Since the crime explosion of the 1960s, the prison population in the United States has multiplied fivefold, to one prisoner for every hundred adults--a rate unprecedented in American history and unmatched anywhere in the world. Even as the prisoner head count continues to rise, crime has stopped falling, and poor people and minorities still bear the brunt of both crime and punishment. "When Brute Force Fails" explains how we got into the current trap and how we can get out of it: to cut both crime and the prison population in half within a decade.
Mark Kleiman demonstrates that simply locking up more people for lengthier terms is no longer a workable crime-control strategy. But, says Kleiman, there has been a revolution--largely unnoticed by the press--in controlling crime by means other than brute-force incarceration: substituting swiftness and certainty of punishment for randomized severity, concentrating enforcement resources rather than dispersing them, communicating specific threats of punishment to specific offenders, and enforcing probation and parole conditions to make community corrections a genuine alternative to incarceration. As Kleiman shows, "zero tolerance" is nonsense: there are always more offenses than there is punishment capacity. But, it is possible--and essential--to create focused zero tolerance, by clearly specifying the rules and then delivering the promised sanctions every time the rules are broken.
Brute-force crime control has been a costly mistake, both socially and financially. Now that we know how to do better, it would be immoral not to put that knowledge to work.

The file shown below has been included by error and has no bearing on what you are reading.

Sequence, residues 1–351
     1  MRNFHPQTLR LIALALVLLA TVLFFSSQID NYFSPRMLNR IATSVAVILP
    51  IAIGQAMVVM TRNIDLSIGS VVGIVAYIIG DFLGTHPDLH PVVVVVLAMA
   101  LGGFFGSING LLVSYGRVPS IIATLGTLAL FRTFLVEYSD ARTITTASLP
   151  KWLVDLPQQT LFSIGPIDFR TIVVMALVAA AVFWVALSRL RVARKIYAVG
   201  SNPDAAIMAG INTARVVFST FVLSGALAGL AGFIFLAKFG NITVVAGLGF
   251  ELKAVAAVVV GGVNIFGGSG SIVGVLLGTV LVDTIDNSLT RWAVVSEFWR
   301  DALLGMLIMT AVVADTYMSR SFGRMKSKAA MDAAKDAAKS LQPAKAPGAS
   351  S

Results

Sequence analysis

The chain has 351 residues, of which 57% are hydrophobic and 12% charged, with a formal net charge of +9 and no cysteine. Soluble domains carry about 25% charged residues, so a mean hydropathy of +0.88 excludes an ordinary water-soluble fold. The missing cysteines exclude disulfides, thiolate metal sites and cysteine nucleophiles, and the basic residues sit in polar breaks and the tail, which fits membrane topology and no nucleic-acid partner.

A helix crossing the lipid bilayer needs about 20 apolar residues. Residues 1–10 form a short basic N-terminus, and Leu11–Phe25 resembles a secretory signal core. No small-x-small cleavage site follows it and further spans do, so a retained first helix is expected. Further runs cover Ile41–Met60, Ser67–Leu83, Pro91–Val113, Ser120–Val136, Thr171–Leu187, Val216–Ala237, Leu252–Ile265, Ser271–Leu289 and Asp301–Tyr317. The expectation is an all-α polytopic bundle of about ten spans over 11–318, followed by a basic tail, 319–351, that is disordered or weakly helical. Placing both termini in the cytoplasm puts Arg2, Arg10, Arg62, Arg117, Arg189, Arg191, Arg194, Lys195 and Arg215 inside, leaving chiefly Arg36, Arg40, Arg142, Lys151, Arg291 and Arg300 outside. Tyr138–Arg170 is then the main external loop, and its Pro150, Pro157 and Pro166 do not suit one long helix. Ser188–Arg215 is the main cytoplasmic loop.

One of Economist's Best Books for 2009 "One way to make apprehension and punishment more likely is to spend substantially more money on law enforcement. In a time of chronic budget shortfalls, however, that won't happen. But Mr. Kleiman suggests that smarter enforcement strategies can make existing budgets go further. The important step, he says, is to view enforcement as a dynamic game in which strategically chosen deterrence policies become self-reinforcing... It is an ingenious idea that borrows from game theory and the economics of signaling behavior... Revolutionary."--Robert H. Frank, New York Times "Mass incarceration was a successful public-policy tourniquet. But now that we've stopped the bleeding, it can't be a permanent solution... [I]t requires a more sophisticated crime-fighting approach--an emphasis, for instance, on making sentences swifter and more certain, even as we make them shorter; a system of performance metrics for prisons and their administrators; a more stringent approach to probation and parole. (When Brute Force Fails, by the U.C.L.A. law professor Mark Kleiman, is the best handbook for would-be reformers.)"--Ross Douthat, New York Times "'Big cases make bad laws' is a criminological axiom, and one with which Mark A. R. Kleiman agrees, in When Brute Force Fails: How to Have Less Crime and Less Punishment. Kleiman blames big cases and bad laws for another distinctive feature of American life: 2.3 million people are currently behind bars in the United States... At what point, Kleiman wonders, will incarceration be a greater social ill than crime? He proposes, for lesser offenders, punishments that are swift and certain but not necessarily severe: a night in jail, instead of a warning, for missing a meeting with a parole officer, say, and ten nights the next time."--Jill Lepore, New Yorker "From Kennedy and Kleiman to Alm and Meares, the judges and scholars developing new deterrence strategies are changing the way we think about parole, probation, gang violence and drug markets."--Jeffrey Rosen, New York Times Magazine "In his recent book, When Brute Force Fails, UCLA's Kleiman argues that new strategies for targeting repeat offenders--including reforms to make probation an effective sanction rather than a feckless joke--could cut crime and reduce prison populations simultaneously. Safer communities, in turn, might produce more hopeful and well-disciplined kids."--David Von Drehle, TIME Magazine "Mark Kleiman's new book, When Brute Force Fails, draws on the bedrock of economic logic--rational actors using incentives to make optimal decisions--to arrive at a sweeping overhaul of how we deter, punish and sentence... Kleiman says we can have more effective deterrence by becoming more efficient in the use of resources to control crime... Kleiman's theory of 'dynamic concentration' is the best example of economic logic used cautiously and innovatively to address a social problem... If you want a no-nonsense guide to using incentives to build a better mousetrap, this is the book for you."--Sudhir Venkatesh, Forbes "Absolutely buy this book and dedicate some time to it... This is the most important social science book I've read in many years."--Reihan Salam, Bloggingheads.tv "In ... When Brute Force Fails, Kleiman argues that such capricious enforcement undermines efforts to reduce crime, and moreover that tough penalties--such as the long sentences that have contributed to clogged prisons--don't do much to help, despite their high cost. The alternative, Kleiman suggests, is a paradigm called 'swift and certain' justice, first proposed by Cesare Beccaria in the 18th century: immediate, automatic penalties--though not necessarily severe ones--doled out by credible, identifiable figures... [I]t seems likely that the invasive surveillance model, combining tracking technology and the Kleiman/Alm paradigm of 'swift and certain' justice, could offer an alternative to much of the waste--in human as well as economic terms--of our current, dysfunctional system."--Graeme Wood, Atlantic "Mark Kleiman, a professor of public policy at the University of California (Los Angeles), contend[s] that for violent as well as nonviolent offenders, long prison terms--which most potential criminals don't expect to incur--do less to deter crime than would swifter and surer imposition of less onerous penalties. Even probation, Kleiman writes, can be a real deterrent if accompanied by tough conditions and oversight. In his recent book, When Brute Force Fails: How to Have Less Crime and Less Punishment, Kleiman argues that the correct reforms would lead to 'half as much crime and half as many people behind bars 10 years from now.'"--Stuart Taylor Jr., National Journal "Kleiman's recommendations appear to work. If they do, every community should be considering how to apply them. The current ways, the tough-sounding sentences, the random zero-tolerance, the throw 'em-in-jail-and-throw-away-the-key approach, feels right. But maybe it's wrong."--Royal Oak Daily Tribune "[Kleiman] brings to his analysis a formidable array of statistics and case studies, which, fortunately for the reader, he uses to illuminate rather than overpower... Having dissected the problem as he sees it, Kleiman offers in his final chapter a series of tips he believes will reduce both crime and the cost of correction and punishment. It is a trenchantly-stated starting point for reformers and fiscal conservatives alike."--Edward Morris, ForeWord Magazine "Offenders are not 'rational actors' in the normal sense, explains UCLA professor Mark A.R. Kleiman in his book, When Brute Force Fails. Their cost-benefit calculations are skewed toward the immediate future, which means a delayed punishment won't feel tied to the offense... Even [James Q.] Wilson, the godfather of 'tough on crime,' has endorsed Kleiman's book. 'This is very good. It's not quite as good as Einstein predicting the shift of light behind Mars ... but it's a step in the right direction,' Wilson said while appearing alongside Kleiman on a panel at the American Enterprise Institute (AEI) in October."--Adam Serwer, American Prospect "One of the most admired liberal policy books of the season, Mark Kleiman's When Brute Force Fails, argues for reconsidering current law enforcement policy."--David Frum, The Week